The big news that the Council will be pushing back its preferred start date for the main part of the City Rail Link was not a huge surprise – aside from the enabling works the project’s probably not practically ready to start so quickly, even if funding support was available from Central Government (which it’s not). However, this is hardly a “win” on any account, as reduced spending on CRL in the next few years doesn’t free up money for other projects – as we stressed last month. This is because CRL doesn’t have an impact on rates until it opens, and it apparently is the level of rates income that constrains the transport budget.
So what does the rest of the transport budget look like? Looking at the details, the result is quite a mess, particularly during the first five years. This will become a core part of the big LTP question around whether the public wants a much larger transport programme and if so, how we’d prefer to pay for it (rates & fuel tax increases or a motorway toll). Hidden away at page 252 and 253 of the November Budget Committee agenda (27MB PDF) is the 10 year transport programme (although this is from before yesterday’s decision to delay the CRL):
This reflects the list of projects “above the line” in Auckland Transport’s ranking of all projects and reflect’s what’s possible in the “Basic Transport Network”. I don’t have a huge concern about the project list itself, although there are a few pretty low value things in there like Mill Road. The issue is more about the timing and sequencing of the programme – especially in the first few years.
You’ll see a number of important projects in there that are based around supporting the new public transport network that Auckland Transport are implementing over the next few years. Projects like the Otahuhu, Te Atatu and Manukau interchanges. Or the necessary improvements to Wellesley Street so it can cope with becoming the main east-west bus route across the city centre. The big problem is that these projects don’t appear to be funded until 2021 or in some cases (like Wellesley Street) even later:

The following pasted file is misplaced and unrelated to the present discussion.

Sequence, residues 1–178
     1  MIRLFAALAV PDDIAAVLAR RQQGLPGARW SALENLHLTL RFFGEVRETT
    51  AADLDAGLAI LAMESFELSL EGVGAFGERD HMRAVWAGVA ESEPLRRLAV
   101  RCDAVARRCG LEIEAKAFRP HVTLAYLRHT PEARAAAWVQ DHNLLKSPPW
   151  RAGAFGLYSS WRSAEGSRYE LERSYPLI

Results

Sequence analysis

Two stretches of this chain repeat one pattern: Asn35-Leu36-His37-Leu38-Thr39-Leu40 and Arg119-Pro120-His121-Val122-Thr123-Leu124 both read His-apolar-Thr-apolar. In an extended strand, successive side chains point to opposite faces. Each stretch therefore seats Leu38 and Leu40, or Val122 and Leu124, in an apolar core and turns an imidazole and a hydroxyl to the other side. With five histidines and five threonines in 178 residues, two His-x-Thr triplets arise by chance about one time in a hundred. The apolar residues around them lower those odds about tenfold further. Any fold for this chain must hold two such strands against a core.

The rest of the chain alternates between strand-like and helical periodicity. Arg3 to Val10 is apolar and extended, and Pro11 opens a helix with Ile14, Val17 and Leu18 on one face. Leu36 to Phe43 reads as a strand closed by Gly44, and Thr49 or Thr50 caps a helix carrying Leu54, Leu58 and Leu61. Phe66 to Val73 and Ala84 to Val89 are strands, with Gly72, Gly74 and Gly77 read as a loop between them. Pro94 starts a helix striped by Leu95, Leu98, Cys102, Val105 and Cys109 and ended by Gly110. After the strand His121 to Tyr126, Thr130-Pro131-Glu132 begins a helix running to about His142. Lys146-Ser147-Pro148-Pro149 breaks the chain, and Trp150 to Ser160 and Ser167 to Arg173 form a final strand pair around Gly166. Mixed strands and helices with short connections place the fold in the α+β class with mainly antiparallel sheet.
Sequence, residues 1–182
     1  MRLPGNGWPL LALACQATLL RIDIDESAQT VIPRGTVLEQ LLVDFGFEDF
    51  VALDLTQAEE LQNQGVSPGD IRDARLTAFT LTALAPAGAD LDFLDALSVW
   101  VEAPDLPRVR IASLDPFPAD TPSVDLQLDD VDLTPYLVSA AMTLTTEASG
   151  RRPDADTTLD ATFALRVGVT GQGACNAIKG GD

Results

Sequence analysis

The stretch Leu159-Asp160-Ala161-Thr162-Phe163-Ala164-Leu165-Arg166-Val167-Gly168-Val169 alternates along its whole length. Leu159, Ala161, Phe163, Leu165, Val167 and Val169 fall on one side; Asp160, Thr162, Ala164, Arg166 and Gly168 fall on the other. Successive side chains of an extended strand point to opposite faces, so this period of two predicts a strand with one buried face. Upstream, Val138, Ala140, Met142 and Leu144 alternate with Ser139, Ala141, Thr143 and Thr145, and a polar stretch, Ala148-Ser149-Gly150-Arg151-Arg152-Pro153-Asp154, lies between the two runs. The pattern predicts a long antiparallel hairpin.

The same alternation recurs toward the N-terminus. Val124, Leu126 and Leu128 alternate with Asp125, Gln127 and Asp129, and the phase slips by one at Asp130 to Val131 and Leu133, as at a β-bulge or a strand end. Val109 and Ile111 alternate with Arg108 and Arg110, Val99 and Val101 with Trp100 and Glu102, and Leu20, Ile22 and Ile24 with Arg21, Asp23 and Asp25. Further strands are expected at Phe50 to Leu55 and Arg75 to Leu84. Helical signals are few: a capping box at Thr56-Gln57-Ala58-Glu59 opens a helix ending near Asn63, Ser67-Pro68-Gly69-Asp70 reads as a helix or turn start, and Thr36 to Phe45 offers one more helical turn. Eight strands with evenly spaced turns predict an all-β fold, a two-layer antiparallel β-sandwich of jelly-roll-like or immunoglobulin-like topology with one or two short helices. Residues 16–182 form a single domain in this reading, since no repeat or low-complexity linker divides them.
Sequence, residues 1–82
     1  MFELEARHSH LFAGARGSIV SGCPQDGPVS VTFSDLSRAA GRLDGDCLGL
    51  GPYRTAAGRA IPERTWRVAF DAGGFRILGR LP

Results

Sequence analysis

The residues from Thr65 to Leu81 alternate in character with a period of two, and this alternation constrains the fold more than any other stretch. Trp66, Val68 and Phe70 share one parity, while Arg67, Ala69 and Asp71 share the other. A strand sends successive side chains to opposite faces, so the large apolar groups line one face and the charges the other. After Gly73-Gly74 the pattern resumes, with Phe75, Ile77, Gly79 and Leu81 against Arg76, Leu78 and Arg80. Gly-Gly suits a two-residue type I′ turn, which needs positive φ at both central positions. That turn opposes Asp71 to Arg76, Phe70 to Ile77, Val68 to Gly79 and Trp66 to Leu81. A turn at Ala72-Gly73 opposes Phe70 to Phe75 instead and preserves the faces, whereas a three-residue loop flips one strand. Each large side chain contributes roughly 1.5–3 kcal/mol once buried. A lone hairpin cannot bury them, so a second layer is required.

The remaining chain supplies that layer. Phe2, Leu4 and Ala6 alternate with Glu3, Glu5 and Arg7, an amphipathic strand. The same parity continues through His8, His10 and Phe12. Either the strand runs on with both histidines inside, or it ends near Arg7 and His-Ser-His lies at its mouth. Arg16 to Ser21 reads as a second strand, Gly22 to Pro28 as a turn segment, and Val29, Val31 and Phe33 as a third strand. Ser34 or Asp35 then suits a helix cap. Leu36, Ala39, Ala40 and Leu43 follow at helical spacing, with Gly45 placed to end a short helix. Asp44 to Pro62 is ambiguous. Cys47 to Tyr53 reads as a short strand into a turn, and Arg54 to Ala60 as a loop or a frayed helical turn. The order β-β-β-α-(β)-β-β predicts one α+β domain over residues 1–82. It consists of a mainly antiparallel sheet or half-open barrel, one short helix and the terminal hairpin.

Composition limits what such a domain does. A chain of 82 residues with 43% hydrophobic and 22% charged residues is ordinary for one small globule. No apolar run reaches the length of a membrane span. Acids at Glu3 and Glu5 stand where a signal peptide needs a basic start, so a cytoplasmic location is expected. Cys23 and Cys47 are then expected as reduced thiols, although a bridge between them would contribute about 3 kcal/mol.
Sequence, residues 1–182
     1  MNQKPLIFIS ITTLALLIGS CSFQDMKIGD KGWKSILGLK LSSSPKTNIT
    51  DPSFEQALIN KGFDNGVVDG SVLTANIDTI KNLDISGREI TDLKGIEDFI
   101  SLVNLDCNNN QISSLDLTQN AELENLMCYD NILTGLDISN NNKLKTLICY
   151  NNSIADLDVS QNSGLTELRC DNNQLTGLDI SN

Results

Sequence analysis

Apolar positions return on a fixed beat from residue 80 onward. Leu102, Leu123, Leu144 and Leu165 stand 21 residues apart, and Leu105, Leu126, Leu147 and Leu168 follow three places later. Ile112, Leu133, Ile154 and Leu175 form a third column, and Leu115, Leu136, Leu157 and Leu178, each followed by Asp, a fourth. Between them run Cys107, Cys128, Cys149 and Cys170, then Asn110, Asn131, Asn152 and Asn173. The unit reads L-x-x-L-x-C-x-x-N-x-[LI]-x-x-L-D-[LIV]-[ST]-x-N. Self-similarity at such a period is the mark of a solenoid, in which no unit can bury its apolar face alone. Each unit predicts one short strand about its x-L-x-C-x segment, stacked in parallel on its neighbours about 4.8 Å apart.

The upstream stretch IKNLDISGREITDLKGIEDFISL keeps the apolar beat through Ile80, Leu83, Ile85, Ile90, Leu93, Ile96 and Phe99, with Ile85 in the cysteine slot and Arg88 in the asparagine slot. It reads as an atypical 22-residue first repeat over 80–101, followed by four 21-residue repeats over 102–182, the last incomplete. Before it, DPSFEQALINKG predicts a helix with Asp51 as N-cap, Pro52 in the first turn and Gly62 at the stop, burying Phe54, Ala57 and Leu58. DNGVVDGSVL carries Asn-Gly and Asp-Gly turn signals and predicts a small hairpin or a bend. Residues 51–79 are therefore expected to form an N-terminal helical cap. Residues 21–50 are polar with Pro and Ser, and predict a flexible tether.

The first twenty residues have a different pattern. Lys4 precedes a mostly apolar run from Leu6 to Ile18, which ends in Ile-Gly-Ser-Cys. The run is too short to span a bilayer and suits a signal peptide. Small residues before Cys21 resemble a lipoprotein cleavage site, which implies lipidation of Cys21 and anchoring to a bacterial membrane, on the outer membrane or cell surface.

This is a pretty insane situation, especially for projects like the Otahuhu interchange which is utterly fundamental to any implementation of the new PT network in the south. AT have started on the project but it seems they only have enough money for early works and design. The other big issue is the walking and cycling programme – which appears to be the line item “W+C Programme Risk Management”, that doesn’t have any funding at all for the first five years of the budget period.
The numbers at the bottom of the table above tell a rather strange and difficult to understand story about the total amount of funding available for transport over each of the next 10 years, jumping all over the place from a low of $453 million in the 15/16 year up to a whopping $978 million in 20/21 before dropping back down again significantly. The CRL numbers will change a bit, but remember not the rest of the programme.